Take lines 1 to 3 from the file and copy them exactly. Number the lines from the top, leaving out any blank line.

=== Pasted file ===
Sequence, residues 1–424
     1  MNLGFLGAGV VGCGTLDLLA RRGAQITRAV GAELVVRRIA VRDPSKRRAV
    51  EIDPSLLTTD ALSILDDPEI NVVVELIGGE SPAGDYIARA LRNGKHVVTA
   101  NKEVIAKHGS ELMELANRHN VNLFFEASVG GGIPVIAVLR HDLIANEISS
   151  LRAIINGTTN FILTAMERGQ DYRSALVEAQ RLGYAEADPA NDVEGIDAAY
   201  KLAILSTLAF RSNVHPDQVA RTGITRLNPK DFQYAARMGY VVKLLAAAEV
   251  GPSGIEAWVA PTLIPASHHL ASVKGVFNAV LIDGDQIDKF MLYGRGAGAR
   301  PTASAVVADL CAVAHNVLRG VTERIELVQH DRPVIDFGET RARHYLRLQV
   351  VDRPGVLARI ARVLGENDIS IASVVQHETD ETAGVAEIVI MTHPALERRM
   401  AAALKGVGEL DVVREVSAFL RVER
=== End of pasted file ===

Sequence, residues 1–424
     1  MNLGFLGAGV VGCGTLDLLA RRGAQITRAV GAELVVRRIA VRDPSKRRAV
    51  EIDPSLLTTD ALSILDDPEI NVVVELIGGE SPAGDYIARA LRNGKHVVTA